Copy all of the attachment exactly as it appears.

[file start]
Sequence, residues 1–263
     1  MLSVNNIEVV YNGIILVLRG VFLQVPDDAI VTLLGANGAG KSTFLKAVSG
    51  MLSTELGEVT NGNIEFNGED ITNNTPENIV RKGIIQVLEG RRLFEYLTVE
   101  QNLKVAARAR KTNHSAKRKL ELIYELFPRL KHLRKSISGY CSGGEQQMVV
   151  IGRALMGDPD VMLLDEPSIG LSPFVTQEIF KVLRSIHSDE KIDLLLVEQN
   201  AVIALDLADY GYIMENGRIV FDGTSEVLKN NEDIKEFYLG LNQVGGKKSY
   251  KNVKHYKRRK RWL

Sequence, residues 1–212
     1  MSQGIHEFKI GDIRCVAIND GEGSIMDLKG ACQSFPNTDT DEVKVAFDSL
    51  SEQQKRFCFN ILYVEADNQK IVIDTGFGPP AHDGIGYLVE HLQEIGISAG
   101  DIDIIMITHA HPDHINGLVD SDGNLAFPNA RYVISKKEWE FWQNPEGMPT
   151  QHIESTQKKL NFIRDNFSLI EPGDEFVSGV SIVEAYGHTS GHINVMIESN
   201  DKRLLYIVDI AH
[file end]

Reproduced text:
Sequence, residues 1–263
     1  MLSVNNIEVV YNGIILVLRG VFLQVPDDAI VTLLGANGAG KSTFLKAVSG
    51  MLSTELGEVT NGNIEFNGED ITNNTPENIV RKGIIQVLEG RRLFEYLTVE
   101  QNLKVAARAR KTNHSAKRKL ELIYELFPRL KHLRKSISGY CSGGEQQMVV
   151  IGRALMGDPD VMLLDEPSIG LSPFVTQEIF KVLRSIHSDE KIDLLLVEQN
   201  AVIALDLADY GYIMENGRIV FDGTSEVLKN NEDIKEFYLG LNQVGGKKSY
   251  KNVKHYKRRK RWL

Sequence, residues 1–212
     1  MSQGIHEFKI GDIRCVAIND GEGSIMDLKG ACQSFPNTDT DEVKVAFDSL
    51  SEQQKRFCFN ILYVEADNQK IVIDTGFGPP AHDGIGYLVE HLQEIGISAG
   101  DIDIIMITHA HPDHINGLVD SDGNLAFPNA RYVISKKEWE FWQNPEGMPT
   151  QHIESTQKKL NFIRDNFSLI EPGDEFVSGV SIVEAYGHTS GHINVMIESN
   201  DKRLLYIVDI AH